SINGAPORE – China could abandon the nine-dash line – which underpins its claim of up to 90 per cent of the disputed waters in the South China Sea – without hurting its long-term interests, a China military expert said on Friday (Sept 18).
In fact, abandoning the line would boost its soft power and help the country win friends in Asean, added Dr Li Nan, a visiting senior research fellow at East Asian Institute (EAI).
“This is the time for China to give up the nine-dash line. It doesn’t work in its interest,” said Dr Li during a webinar about the maritime dispute, which was organised by EAI and ISEAS – Yusof Ishak Institute.
The speakers at The South China Sea Dispute: United States-China Rivalry, Lawfare and the Prospects for a Code of Conduct were mostly academics. They agreed that Asean and China were unlikely to issue guidelines on actions in the South China Sea by next year’s deadline, given the Covid-19 pandemic.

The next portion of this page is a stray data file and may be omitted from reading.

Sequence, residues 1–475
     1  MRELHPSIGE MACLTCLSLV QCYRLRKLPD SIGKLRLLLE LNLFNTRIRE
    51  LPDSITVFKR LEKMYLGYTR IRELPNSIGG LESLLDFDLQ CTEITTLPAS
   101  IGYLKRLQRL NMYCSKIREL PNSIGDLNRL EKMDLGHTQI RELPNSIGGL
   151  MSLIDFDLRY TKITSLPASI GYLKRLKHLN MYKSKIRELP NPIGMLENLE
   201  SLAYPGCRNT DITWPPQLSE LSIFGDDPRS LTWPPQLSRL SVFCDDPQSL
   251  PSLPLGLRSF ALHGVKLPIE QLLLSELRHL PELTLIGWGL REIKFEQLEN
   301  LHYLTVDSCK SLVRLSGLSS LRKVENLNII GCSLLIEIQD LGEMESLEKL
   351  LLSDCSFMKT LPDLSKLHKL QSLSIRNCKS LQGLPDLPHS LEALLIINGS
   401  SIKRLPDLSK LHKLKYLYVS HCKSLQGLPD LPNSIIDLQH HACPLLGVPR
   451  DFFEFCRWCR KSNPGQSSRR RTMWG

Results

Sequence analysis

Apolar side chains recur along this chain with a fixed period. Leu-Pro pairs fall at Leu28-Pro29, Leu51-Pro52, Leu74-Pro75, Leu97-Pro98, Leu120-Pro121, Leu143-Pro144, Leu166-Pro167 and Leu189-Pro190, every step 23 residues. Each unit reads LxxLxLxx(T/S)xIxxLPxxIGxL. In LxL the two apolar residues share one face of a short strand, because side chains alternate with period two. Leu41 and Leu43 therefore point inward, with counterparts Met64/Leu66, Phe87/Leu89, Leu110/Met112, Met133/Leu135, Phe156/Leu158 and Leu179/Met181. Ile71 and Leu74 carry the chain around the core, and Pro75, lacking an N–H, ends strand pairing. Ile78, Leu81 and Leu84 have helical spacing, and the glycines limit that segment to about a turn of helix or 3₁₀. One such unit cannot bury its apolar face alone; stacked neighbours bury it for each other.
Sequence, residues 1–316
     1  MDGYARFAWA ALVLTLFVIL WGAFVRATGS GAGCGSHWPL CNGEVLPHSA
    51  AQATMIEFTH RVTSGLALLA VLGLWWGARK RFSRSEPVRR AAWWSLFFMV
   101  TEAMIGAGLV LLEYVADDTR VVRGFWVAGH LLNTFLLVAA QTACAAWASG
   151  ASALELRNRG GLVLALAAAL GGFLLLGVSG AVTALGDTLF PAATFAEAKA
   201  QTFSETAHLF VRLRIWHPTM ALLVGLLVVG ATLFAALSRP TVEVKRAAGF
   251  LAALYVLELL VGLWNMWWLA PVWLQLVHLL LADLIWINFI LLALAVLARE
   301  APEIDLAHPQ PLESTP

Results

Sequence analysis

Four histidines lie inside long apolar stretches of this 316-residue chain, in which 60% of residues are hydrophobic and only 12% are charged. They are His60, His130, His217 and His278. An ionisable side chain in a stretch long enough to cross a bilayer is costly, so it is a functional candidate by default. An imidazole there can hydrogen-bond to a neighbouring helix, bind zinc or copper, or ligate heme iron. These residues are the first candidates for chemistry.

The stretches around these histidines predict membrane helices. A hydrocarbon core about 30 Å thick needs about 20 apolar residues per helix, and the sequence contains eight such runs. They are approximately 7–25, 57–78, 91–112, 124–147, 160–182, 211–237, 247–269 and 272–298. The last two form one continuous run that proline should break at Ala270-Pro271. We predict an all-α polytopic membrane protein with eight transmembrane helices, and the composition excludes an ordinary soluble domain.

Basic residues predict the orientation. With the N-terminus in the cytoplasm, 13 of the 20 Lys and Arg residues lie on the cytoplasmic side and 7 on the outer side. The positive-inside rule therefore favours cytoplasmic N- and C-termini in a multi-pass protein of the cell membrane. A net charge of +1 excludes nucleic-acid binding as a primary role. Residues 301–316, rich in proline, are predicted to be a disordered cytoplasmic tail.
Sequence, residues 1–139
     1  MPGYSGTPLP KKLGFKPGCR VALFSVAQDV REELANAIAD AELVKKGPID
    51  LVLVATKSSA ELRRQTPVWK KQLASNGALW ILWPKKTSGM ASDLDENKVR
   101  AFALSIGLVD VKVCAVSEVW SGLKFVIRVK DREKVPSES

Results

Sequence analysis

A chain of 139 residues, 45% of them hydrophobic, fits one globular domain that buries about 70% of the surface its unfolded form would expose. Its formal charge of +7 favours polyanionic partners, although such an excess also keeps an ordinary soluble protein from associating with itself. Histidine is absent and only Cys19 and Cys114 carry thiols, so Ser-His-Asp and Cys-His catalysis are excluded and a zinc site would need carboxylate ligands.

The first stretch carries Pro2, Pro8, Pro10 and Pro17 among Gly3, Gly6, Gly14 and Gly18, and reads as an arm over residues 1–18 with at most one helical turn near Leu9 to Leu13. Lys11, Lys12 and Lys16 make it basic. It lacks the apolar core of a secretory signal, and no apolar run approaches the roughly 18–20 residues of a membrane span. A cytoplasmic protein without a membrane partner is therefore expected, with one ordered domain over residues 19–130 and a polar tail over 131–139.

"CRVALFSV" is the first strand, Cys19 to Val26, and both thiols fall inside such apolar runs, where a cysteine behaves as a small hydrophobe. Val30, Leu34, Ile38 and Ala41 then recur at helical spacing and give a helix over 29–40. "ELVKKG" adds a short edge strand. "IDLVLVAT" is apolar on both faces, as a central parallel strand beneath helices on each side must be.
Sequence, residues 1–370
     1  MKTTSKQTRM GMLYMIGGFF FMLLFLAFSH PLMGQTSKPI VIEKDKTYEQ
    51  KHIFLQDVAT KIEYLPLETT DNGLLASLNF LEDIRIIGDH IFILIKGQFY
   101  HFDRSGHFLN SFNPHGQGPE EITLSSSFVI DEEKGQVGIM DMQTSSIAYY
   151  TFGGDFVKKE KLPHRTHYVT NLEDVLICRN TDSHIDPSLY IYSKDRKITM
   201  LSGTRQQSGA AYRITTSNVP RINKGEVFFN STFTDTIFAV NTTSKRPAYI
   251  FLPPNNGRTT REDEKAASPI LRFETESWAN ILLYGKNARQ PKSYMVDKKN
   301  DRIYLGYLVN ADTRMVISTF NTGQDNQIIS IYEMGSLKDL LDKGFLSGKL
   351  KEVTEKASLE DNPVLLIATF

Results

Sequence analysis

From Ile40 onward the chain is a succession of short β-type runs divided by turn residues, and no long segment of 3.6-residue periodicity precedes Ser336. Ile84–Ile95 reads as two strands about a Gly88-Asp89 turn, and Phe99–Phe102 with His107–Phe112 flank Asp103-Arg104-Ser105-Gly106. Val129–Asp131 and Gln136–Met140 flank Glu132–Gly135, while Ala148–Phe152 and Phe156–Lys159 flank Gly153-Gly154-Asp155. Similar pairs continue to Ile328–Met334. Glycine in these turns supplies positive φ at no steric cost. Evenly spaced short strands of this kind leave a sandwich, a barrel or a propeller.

Run-ins between China and claimant Asean states such as the Philippines and Vietnam in the disputed waters have increased this year.
Tensions are also escalating between China and Indonesia. The latter lodged a protest with Beijing earlier this month after a Chinese coast guard ship spent two days in Indonesia’s exclusive economic zone, off the Natuna Islands in the South China Sea.
China’s nine-dash line, which is in conflict with international maritime law but which China uses to claim waters around Natuna Islands, is at the heart of the dispute.